Matthew Isaacson, Texas Sculpture Group
From Austin, Texas
This newer body of work consists of a series of planter’s wall tile relief forms and free standing biomorphic sculptures. The planters exude an exploration in both utilitarian form an abstract expressionistic surface like painting. In the fall of 2019, the progression of collecting and reclaiming from various studios such as the East Side Pot Shop and then other artists that have begun to donate clay since I moved to Austin. The laborious practice of drying, pulverizing with a sledge hammer, then mixing the various clays with other refractory materials; creates a new body that would otherwise normally go into a land fill.
The method of recycling and re-claiming numerous clay bodies together creates a new substance that is extremely versatile, very plastic, has a density that holds its shape and ideal for growing all kinds of healthy plants that absorb numerous minerals from the vessel.
Layering and merging underglaze pigments and firing some pieces 6 times or more in the kiln, creates a unique one of a kind imbued textured surface.
The repetitive process of layering rich vibrant colors that were buried underneath and built up over time are now excavated. Each vessel has hours of wet sanding by hand put into them, utilizing various diamond grit pads. This intentional subtractive activity slowly begins to peel back the layers and a kaleidoscope of patterns and colors on the ceramic surfaces begin to emerge.
Some inspiration comes from growing up in Northern Michigan and working on the many cherry farms of families and friends. I have fond memories of driving to work with my father at 4:00am and heading to work in the darkness and the early morning to then witness sunrise from the green and red fruit-colored orchards and observe the evening sunsets and being in such awe and wonderment watching the amazing colors blaze through the sky.
While the sculpture forms deal with a more abstract figuration, they are pigmented with a rich, solid black color to exemplify the curvilinear and biomorphic forms. These sculptures are an exploration and revisitation from a previous body of work I created during my undergraduate and graduate school years. In sharp contrast, the wall tile installation or relief is a mandala with specific sacred geometry embedded into a simple wall tile that creates a colorful meditative backdrop. The figurative sculptures are intended to play off of each other as silent objects that quietly move with the pattern and trigger optical effects as the viewer interacts with the forms in space.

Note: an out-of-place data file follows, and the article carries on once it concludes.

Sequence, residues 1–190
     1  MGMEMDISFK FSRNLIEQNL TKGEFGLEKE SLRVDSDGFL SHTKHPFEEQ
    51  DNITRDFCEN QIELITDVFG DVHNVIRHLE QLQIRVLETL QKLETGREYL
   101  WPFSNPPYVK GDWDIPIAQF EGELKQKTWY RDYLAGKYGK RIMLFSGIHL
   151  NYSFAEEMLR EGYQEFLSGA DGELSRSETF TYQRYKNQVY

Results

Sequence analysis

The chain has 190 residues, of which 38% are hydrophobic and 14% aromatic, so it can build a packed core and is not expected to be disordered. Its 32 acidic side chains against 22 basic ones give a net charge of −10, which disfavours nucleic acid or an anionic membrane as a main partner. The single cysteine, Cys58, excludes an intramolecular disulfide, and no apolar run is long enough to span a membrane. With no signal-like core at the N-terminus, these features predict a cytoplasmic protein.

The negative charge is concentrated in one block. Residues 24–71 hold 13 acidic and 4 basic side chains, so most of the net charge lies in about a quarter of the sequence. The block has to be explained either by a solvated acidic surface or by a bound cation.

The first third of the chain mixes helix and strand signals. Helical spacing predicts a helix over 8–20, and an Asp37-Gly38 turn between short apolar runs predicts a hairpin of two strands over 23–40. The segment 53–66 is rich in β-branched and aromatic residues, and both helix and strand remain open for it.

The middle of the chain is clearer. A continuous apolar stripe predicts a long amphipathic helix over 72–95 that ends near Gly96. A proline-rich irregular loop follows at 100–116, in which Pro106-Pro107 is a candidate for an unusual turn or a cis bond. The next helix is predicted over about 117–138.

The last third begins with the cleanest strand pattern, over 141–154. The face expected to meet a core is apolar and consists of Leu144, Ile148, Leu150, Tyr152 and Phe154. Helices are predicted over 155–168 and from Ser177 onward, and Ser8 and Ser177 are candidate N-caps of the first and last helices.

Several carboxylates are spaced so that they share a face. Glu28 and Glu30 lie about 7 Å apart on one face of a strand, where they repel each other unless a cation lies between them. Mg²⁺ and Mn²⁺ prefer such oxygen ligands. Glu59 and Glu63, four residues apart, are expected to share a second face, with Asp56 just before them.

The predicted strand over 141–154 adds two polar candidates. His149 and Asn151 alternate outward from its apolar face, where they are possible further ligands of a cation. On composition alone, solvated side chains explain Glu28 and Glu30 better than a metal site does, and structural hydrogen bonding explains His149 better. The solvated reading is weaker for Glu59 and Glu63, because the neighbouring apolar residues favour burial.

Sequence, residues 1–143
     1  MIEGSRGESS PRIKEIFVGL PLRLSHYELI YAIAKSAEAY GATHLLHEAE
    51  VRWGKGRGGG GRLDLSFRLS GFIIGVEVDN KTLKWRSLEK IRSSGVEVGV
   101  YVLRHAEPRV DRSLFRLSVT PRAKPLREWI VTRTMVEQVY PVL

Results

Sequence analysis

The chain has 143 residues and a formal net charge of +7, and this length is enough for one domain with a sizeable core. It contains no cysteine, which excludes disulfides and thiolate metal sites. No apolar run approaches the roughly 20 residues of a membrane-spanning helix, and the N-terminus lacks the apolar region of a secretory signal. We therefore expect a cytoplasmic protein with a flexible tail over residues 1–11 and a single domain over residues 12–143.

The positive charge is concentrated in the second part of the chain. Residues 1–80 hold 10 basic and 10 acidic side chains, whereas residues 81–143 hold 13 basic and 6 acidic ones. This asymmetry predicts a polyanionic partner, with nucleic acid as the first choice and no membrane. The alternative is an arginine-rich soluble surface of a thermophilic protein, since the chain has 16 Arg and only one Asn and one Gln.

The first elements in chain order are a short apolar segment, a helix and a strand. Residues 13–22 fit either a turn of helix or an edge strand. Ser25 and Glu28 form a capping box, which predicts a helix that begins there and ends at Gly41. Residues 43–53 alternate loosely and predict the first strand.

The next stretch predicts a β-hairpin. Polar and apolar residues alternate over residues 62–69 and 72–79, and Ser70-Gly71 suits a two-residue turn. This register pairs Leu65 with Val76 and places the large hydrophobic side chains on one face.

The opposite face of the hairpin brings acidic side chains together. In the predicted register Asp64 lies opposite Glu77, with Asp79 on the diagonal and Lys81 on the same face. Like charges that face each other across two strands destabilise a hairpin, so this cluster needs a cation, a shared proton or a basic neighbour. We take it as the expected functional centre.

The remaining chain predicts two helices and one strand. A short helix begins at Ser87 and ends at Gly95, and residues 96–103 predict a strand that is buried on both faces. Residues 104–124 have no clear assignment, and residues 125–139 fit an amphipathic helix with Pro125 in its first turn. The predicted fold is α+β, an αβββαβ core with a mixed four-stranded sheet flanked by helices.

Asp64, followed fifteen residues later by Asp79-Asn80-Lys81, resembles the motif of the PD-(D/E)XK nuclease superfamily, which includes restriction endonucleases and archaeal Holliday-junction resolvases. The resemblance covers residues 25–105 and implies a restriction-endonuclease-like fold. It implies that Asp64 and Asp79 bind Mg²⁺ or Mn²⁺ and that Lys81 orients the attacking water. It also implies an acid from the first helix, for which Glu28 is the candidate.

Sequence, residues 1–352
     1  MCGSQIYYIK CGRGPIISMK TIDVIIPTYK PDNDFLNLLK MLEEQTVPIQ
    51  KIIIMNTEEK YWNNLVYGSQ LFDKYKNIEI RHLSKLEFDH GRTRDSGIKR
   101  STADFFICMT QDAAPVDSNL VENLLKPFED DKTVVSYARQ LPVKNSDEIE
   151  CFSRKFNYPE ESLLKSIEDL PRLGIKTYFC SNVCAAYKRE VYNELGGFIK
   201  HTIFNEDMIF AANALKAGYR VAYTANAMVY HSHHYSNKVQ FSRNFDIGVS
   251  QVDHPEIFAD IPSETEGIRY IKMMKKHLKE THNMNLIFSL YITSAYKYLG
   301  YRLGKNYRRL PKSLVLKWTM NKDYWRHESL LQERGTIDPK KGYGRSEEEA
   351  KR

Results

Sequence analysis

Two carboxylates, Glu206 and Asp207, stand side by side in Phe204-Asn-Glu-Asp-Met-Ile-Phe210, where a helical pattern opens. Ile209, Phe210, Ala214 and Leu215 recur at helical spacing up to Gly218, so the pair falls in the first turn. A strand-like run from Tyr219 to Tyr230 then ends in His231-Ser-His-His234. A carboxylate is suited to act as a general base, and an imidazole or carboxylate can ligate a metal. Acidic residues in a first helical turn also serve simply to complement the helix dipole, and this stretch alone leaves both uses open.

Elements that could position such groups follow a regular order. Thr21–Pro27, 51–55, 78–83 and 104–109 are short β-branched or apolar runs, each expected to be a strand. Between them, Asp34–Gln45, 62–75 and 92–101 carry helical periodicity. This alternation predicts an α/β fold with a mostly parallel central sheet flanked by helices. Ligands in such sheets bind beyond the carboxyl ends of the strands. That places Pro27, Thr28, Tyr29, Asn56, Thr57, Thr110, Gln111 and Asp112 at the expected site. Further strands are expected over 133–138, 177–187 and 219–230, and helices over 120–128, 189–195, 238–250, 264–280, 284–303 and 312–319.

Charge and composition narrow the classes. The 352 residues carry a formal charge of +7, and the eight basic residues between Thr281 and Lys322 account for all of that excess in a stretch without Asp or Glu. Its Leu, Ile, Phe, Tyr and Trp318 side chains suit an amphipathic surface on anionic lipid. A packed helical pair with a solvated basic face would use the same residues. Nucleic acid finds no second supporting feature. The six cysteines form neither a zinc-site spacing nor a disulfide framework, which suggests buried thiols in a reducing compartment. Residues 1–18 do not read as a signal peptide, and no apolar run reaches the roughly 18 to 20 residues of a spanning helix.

Matthew Isaacson was born in Traverse City, Michigan and grew up working on a large-scale industrial fruit-manufacturing farm, a background that continues to inform and inspire his work. His current sculptural work focuses on complex installations of high-relief-cast-ceramic-tile forms, which often reference architectural elements or ancient ziggurats that are fused with colored, geometric patterns. Matthew received his BFA in Painting alongside a Minor in Music from Western Michigan University in 2004. He then received his MFA from Virginia Commonwealth University in 2007; he was awarded the Graduate Thesis Dissertation Scholarship. Matthew moved to Austin, Texas in the fall of 2019 after excepting the position of Associate Professor of Art in Ceramics. He has exhibited nationally and internationally in exhibitions that include solo exhibitions at the Duane Reed Gallery and the Luminary Center for the Arts, and a group show at SPACE Gallery in Pittsburgh; he also participated in the Xin Jiang International Sculpture Exhibition in China. Matthew’s past artist’s residencies have been hosted by the Luminary Center of Arts, the Ox-Bow School of Art and Artist’s Residencies, and Sugar Maples Center for Creative Arts. He has attended the Arrowmont School of Arts and Crafts and the Pilchuck Glass School.